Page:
This module provides predicates to simplify error generation and checking. It's implementation is based on a discussion on the SWI-Prolog mailinglist on best practices in error handling. The utility predicate must_be/2 provides simple run-time type validation. The *_error predicates are simple wrappers around throw/1 to simplify throwing the most common ISO error terms.
- type_error(+Type, +Term)
- Tell the user that Term is not of the expected Type. This error
is closely related to domain_error/2 because the notion of types
is not really set in stone in Prolog. We introduce the
difference using a simple example.
Suppose an argument must be a non-negative integer. If the actual argument is not an integer, this is a type_error. If it is a negative integer, it is a domain_error.
Typical borderline cases are predicates accepting a compound term, e.g.,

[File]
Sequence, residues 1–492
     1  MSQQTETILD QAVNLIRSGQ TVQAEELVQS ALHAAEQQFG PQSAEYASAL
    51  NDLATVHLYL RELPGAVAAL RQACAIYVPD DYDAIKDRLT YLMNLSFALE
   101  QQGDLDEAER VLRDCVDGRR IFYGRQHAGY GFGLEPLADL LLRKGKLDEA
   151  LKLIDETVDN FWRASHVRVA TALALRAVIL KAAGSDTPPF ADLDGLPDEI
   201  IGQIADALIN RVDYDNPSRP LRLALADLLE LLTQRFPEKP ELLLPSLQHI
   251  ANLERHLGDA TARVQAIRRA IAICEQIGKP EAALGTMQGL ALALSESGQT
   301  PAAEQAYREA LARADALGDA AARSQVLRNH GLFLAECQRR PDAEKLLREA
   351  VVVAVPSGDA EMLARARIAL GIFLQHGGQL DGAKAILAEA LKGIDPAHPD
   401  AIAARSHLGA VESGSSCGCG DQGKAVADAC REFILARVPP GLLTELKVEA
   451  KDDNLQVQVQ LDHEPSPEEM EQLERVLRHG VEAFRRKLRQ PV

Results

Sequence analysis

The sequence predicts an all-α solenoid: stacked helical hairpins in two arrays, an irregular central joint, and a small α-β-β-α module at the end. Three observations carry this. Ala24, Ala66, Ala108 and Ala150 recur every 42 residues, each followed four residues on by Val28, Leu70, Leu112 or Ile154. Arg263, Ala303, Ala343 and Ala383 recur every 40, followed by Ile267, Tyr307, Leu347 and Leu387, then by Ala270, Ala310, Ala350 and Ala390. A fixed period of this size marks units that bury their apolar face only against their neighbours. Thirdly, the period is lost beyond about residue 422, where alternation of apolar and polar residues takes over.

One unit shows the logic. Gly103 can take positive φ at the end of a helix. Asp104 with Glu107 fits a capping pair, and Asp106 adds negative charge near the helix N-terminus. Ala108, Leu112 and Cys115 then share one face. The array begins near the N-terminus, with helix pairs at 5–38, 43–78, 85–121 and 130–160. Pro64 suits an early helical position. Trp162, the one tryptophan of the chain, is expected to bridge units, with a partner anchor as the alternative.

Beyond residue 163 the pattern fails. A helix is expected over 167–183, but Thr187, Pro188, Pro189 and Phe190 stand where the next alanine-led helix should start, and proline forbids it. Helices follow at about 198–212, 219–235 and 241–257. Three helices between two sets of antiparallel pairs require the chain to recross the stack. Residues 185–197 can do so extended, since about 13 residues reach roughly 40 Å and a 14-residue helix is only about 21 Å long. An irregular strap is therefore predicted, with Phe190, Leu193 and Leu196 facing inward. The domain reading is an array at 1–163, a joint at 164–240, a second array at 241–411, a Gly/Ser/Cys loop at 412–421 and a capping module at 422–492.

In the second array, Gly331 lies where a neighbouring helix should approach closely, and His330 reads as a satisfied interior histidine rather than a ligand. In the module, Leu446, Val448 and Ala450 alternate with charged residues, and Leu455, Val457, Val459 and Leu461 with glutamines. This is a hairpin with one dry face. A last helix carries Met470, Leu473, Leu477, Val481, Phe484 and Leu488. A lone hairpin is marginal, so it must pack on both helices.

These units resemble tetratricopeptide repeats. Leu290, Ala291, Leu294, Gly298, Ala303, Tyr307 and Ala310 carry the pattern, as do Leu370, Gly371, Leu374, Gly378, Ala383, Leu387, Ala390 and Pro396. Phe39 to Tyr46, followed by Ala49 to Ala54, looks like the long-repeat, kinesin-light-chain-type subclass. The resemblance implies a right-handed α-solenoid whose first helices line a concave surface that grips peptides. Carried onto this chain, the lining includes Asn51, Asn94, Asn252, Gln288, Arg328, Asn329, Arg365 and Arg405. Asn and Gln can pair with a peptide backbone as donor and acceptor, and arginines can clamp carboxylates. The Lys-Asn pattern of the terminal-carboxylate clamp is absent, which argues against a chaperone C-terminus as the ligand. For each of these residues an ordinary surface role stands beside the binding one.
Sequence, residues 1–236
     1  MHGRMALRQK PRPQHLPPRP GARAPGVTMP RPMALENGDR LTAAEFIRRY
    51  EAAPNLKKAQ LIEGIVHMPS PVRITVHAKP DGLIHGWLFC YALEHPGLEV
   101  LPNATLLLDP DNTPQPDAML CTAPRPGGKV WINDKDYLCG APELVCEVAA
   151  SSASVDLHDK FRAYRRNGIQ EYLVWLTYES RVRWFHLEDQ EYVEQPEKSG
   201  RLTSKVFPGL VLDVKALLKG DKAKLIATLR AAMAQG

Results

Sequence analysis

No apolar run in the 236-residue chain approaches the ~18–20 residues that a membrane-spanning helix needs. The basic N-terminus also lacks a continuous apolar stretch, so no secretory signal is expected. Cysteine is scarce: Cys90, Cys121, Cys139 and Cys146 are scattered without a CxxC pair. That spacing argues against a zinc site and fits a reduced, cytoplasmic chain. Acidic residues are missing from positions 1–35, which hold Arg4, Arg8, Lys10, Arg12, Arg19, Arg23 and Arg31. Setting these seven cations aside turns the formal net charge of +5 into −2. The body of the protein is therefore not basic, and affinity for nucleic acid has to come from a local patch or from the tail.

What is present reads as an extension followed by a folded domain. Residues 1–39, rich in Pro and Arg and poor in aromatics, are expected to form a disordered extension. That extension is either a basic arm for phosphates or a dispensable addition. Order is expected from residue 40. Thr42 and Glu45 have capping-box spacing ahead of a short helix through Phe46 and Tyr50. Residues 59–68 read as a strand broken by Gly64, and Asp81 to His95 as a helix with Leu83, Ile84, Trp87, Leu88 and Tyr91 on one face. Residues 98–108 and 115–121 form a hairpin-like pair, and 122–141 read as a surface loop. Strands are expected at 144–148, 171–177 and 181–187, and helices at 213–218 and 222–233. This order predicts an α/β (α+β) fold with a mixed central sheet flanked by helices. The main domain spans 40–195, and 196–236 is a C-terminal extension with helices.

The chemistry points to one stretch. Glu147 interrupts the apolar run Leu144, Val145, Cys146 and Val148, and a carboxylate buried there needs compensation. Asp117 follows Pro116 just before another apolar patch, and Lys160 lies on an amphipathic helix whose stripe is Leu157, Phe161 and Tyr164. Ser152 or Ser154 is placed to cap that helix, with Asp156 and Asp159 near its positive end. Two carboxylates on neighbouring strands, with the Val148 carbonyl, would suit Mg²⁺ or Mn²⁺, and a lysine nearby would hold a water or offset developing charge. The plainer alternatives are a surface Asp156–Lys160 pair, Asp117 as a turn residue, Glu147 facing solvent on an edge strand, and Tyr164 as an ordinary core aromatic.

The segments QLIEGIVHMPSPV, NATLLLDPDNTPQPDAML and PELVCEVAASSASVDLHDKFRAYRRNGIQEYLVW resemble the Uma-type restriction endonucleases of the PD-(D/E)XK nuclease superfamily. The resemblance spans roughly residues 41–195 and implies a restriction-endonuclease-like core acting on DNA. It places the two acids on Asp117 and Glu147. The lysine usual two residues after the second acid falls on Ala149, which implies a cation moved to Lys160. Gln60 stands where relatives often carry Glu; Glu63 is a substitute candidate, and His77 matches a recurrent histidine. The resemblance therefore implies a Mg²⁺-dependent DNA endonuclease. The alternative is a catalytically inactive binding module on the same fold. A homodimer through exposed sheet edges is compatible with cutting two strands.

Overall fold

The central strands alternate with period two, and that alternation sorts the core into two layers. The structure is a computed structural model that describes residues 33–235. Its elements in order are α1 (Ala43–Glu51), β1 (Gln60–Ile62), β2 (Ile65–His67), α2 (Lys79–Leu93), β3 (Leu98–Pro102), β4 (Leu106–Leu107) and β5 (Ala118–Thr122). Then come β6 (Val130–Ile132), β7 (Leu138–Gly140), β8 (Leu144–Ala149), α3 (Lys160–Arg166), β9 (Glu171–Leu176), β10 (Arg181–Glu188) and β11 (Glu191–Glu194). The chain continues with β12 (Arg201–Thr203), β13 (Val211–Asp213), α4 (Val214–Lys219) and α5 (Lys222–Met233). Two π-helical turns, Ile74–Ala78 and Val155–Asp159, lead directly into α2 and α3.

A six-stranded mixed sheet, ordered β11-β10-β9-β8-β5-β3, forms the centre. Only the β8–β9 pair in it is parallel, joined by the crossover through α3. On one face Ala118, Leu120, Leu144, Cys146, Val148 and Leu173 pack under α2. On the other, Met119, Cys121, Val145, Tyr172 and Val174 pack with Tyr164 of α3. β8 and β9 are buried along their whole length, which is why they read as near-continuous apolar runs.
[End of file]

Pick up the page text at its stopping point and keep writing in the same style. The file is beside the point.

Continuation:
point(X,Y). One could argue that the basic type is a compound-term and any other compound term is a domain error. Most Prolog programmers consider each compound as a type and would consider a compound that is not
The following predicates are exported, but not or incorrectly documented.
- current_type(Arg1, Arg2, Arg3)
- permission_error(Arg1, Arg2, Arg3)
- must_be(Arg1, Arg2)
- is_of_type(Arg1, Arg2)
- existence_error(Arg1, Arg2)
- domain_error(Arg1, Arg2)
- existence_error(Arg1, Arg2, Arg3)